Despite their accomplishments, the unit faced questions and criticism from those who did not support black women in the military.
Housing, mess rooms and recreational facilities were segregated by race and gender, forcing them to set up all their own operations. The unit’s commander, Major Charity Adams, was also criticized by a general who threatened to hand over his command to a white officer. She reportedly replied, “On my body, sir.” “
They cleared a backlog of approximately 17 million pieces of mail in three months, twice as fast as expected. The battalion would serve in France before returning home. And like so many black units in WWII, their exploits never caught the attention of their white counterparts.
âSad to say. They came back to Jim Crow America, âCummings said. âNot only 6888, but many of our minority soldiers who returned from the war weren’t recognized or appreciated until years later. Airmen from Tuskegee, Marines from Montford Point. There are so many stories of color units that weren’t recognized until decades after the war. “
Still, Cummings said time spent overseas with the military has left a lasting impression on women, many of whom have dismantled obstacles in their working lives.
Elizabeth Barker Johnson was the first woman to attend Winston-Salem State University in North Carolina on the GI Bill. She participated in the school graduation ceremony at the age of 99 – 70 years after graduating.
McClendon joined the Air Force after integration and retirement from the Army in 1971. She was the first woman to command an all-male squadron with Strategic Air Command. Another member of the unit, the late Doris Moore, became New Hampshire’s first black social worker, her family said.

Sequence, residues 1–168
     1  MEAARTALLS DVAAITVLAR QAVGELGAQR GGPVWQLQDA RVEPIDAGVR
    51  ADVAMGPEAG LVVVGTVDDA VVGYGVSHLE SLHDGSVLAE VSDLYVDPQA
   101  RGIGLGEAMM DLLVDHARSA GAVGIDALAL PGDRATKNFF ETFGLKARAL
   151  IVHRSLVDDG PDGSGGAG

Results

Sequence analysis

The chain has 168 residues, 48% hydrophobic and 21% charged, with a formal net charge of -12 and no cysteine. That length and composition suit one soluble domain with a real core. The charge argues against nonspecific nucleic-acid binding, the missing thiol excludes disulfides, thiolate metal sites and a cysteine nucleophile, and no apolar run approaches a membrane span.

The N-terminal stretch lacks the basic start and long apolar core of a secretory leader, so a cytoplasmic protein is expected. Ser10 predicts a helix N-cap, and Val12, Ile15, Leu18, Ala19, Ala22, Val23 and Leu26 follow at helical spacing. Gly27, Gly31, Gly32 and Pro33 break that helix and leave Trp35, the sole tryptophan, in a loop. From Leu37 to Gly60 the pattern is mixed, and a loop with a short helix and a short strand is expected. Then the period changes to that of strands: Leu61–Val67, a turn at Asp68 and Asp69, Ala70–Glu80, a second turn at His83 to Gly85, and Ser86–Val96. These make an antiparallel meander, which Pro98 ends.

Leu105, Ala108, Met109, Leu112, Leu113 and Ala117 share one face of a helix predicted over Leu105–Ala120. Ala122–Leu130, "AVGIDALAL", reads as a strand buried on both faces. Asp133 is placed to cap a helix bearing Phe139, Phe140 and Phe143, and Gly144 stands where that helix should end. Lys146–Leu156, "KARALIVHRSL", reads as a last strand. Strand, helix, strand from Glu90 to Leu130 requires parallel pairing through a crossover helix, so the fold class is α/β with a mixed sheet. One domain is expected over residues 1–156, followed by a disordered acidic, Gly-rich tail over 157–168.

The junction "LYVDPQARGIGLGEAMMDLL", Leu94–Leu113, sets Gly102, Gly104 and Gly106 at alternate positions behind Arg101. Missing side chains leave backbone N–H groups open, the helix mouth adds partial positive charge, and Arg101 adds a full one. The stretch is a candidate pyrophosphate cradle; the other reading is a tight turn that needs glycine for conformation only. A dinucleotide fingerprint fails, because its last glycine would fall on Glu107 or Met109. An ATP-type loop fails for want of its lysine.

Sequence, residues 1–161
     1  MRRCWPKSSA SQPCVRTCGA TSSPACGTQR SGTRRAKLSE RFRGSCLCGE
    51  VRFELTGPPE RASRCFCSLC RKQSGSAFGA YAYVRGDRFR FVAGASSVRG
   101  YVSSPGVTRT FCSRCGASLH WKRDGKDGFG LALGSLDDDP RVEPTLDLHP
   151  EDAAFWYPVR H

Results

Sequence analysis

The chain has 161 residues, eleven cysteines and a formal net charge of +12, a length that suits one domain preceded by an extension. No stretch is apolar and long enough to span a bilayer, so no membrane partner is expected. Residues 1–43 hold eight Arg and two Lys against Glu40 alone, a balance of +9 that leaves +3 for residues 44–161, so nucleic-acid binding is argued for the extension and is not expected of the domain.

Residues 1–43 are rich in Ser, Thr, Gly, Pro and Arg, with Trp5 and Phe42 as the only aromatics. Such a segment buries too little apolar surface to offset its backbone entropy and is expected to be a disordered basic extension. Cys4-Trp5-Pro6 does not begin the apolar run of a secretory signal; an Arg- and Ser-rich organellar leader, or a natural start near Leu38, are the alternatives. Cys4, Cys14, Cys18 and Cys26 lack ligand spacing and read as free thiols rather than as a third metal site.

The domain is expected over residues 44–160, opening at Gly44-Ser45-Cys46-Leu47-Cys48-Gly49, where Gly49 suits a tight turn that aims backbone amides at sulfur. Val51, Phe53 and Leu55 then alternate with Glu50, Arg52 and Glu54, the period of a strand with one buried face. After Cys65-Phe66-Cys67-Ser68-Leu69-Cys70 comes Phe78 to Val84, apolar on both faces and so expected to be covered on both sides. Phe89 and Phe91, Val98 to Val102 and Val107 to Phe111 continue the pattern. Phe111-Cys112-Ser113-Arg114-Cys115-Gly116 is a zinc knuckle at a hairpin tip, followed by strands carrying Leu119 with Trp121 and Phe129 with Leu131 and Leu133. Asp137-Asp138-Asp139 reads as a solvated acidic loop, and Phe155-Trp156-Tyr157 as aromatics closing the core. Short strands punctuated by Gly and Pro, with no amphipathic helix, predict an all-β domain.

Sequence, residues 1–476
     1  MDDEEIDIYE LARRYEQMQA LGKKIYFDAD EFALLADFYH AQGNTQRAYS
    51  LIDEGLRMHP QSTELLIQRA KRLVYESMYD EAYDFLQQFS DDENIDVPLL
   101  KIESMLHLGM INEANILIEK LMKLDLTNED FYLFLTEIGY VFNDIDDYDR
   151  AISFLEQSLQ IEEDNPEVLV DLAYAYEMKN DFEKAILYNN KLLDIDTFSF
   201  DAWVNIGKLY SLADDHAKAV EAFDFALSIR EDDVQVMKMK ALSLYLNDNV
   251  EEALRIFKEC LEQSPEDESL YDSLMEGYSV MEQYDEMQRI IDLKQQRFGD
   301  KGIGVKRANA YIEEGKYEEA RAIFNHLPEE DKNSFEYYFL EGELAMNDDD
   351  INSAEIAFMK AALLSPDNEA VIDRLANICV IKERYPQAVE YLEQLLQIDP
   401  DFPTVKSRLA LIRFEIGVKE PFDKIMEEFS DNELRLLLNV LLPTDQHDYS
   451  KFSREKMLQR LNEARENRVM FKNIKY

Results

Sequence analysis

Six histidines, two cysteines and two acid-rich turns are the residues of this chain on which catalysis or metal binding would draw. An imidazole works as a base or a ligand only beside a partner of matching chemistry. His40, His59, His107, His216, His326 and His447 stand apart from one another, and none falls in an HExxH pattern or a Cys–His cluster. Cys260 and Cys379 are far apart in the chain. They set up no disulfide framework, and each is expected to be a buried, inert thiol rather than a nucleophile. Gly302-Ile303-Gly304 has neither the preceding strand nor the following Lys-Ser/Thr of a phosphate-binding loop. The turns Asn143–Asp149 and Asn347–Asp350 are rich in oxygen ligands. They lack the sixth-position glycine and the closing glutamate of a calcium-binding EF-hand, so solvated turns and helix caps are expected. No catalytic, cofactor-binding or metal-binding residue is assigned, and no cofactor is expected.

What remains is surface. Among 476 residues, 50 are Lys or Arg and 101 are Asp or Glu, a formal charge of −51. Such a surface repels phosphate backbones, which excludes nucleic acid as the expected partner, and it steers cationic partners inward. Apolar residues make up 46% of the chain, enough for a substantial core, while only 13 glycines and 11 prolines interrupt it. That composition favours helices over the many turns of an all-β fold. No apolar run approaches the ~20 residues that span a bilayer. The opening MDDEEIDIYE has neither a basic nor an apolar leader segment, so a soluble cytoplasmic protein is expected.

The story of the unit also began to gain more recognition. A monument was erected in 2018 at Fort Leavenworth, Kansas to honor them, and the 6888 received Meritorious Unity Commendation in 2019. A documentary “The Six Triple Eight” was made on their exploits. We’re talking about a movie.
A bill would rename a post office in Buffalo, New York, in honor of the battalion’s Indiana Hunt-Martin, who died last year.
And there is the push for the congressional gold medal.
“These women were trailblazers, and it is high time we officially recognized them for their incredible contribution to our troops during World War II,” said US Senator Maggie Hassan, a Democrat from New Hampshire who co-sponsored the project. law of the Senate.
Like McClendon, Moore’s family said they would be honored but not won over by the award. She rarely spoke of her time with 6888 in her lifetime, preferring to let these accomplishments speak for themselves.
“She would have said: ‘It is an incredible and wonderful honor and I am very proud to have served.’ Then she would have moved on with her life, “said Moore’s niece Elizabeth Pettiford, who grew up next to Moore in Portsmouth, New Hampshire.” I don’t think she would have paid much attention because it was her personality. She kept a lot of things inside.